African coffee: coffee brewing at Mt. Elgon
Country Guides

African Coffee: The Ultimate Guide to Flavors

African coffee: coffee brewing at Mt. Elgon

Africa is to coffee what France is to wine. For coffee lovers, the continente produces some of the most exquisite coffee beans with unparalleled flavor. While much of the coffee production in Africa focuses on bulk, the eastern portion of the continent shines when it comes to specialty coffees. On the continent, you’ll find a huge range of flavors, quality, and variety that are deeply rooted in history. Learn about the divine nature of African coffee with this guide highlighting the best kinds.

The Different Types of African Coffee

African coffee: Ethiopian coffee in a bowl

When it comes to the coffee industry, Africa plays a key role in specialty coffee production. It’s known for many of its high-altitude beans, which grow on the slopes of giants like Kilimanjaro and Mount Kenya. African coffee is renowned for fruity and acidic tasting profiles owing to specialty African coffee beans that you can’t find on any other continent. While East Africa accounts for most of the production, there are some western nations that also shine when it comes to java creations.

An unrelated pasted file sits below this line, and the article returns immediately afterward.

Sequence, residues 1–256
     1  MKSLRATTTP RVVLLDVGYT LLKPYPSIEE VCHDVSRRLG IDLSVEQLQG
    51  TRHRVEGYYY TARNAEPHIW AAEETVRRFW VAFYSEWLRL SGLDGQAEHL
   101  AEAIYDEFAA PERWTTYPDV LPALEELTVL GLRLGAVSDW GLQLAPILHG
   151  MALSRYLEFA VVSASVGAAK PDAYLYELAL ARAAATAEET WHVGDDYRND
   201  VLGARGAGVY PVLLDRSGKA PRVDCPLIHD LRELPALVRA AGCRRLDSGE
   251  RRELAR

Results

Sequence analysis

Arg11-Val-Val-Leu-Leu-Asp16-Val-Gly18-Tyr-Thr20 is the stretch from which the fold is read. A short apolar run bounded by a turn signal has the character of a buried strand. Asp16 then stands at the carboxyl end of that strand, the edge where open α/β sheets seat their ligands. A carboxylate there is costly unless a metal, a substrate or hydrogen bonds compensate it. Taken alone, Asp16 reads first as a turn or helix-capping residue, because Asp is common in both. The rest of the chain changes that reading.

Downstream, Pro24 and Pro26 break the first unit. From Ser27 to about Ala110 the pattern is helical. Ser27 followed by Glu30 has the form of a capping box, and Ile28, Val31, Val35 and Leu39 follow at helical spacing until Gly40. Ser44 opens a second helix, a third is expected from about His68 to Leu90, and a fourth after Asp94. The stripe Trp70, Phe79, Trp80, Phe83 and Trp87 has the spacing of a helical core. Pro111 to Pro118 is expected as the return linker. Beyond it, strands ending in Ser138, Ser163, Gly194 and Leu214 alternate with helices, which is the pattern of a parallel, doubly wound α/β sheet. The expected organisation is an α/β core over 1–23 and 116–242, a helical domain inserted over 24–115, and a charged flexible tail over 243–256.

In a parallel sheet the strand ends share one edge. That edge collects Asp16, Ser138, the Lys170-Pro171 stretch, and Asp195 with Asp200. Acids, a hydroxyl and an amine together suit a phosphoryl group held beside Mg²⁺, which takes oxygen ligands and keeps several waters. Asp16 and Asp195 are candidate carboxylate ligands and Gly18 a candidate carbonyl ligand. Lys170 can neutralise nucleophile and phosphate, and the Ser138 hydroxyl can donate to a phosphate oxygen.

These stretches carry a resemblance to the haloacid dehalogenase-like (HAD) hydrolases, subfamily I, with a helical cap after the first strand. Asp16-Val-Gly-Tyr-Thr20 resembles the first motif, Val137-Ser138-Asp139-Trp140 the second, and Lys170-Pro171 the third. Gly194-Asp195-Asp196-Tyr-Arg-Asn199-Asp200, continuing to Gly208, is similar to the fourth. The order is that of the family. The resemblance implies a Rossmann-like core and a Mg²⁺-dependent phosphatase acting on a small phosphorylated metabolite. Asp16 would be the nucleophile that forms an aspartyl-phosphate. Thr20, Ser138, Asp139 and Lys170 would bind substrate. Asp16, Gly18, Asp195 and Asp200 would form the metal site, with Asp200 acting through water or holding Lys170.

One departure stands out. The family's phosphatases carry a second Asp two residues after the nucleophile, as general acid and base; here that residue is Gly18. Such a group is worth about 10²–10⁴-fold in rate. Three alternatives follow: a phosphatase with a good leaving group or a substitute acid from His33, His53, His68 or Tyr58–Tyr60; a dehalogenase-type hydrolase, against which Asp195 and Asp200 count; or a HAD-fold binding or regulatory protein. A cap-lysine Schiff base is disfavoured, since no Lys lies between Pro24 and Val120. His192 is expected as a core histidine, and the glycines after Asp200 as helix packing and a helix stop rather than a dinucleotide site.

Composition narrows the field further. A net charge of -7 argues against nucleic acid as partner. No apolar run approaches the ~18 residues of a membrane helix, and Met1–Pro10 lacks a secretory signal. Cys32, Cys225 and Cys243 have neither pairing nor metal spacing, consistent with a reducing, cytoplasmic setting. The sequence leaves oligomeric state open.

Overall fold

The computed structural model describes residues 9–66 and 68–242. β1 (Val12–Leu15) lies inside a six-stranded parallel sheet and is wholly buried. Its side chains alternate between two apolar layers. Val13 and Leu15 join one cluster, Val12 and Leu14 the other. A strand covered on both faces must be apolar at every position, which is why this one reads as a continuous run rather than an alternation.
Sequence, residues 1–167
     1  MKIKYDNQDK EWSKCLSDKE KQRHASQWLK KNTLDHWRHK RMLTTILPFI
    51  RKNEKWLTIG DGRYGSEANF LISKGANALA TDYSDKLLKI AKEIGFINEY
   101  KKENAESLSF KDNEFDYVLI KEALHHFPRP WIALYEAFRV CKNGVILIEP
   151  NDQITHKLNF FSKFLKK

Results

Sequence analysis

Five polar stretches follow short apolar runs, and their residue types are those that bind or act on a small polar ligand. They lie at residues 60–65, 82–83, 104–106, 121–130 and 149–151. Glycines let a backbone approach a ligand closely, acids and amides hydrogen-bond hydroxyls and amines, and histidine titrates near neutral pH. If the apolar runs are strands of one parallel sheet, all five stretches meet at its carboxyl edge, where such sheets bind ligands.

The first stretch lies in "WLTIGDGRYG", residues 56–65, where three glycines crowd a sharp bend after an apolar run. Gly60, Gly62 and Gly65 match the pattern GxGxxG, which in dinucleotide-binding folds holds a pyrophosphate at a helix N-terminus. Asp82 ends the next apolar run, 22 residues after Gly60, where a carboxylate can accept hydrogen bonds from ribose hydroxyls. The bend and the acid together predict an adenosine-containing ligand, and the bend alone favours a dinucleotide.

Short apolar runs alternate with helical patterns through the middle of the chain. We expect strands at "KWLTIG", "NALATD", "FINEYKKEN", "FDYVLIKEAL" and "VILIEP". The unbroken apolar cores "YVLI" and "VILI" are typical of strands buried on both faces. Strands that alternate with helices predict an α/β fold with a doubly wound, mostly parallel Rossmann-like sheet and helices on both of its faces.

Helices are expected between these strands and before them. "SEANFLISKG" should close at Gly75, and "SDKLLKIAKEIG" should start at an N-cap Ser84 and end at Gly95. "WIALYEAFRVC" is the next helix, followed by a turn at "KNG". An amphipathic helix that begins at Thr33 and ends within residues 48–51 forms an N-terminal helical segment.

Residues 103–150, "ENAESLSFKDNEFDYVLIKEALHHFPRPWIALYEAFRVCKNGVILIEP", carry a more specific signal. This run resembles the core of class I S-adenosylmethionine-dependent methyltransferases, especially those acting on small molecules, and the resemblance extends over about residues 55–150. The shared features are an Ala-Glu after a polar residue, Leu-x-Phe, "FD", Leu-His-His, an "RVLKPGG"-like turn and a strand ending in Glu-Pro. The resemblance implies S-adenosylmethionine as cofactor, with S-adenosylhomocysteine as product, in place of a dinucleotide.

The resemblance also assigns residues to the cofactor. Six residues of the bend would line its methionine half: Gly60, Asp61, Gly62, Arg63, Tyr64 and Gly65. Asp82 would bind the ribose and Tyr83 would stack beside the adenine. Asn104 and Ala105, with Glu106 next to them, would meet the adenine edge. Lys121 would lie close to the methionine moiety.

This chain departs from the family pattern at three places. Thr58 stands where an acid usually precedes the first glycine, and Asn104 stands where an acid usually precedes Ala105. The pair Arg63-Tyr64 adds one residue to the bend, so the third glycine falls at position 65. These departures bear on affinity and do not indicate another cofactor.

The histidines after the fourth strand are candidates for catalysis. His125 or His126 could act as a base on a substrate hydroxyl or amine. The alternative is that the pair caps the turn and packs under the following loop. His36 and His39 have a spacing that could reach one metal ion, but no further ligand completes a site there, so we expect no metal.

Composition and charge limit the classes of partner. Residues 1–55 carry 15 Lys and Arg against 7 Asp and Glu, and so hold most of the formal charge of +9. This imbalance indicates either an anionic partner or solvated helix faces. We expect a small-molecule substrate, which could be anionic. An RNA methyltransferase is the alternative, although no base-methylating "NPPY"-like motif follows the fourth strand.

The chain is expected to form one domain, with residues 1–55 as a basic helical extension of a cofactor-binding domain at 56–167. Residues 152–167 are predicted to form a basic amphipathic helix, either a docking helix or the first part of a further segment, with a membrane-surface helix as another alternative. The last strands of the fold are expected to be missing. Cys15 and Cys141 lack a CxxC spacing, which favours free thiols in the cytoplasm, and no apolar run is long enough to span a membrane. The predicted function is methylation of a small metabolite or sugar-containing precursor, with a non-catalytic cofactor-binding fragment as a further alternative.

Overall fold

From Kenya AA coffee to fruity and acidic Ethiopian styles, there is something for everyone. Light roasts, medium roasts, and dark roasts abound. Here, we’ll show you everything you need to know about the best African coffee varieties.

Ethiopian Coffee

Ethiopia has cultivated coffee for centuries and is the fourth largest producer of coffee in the world. It’s regarded as the birthplace of coffee in the African region and production today consists of hundreds of varieties. Many Ethiopian coffees are labeled as “heirloom”, due to the unknown genetics of the plants used to make the coffee. This results in a huge range of flavors for coffee connoisseurs and beginners to explore.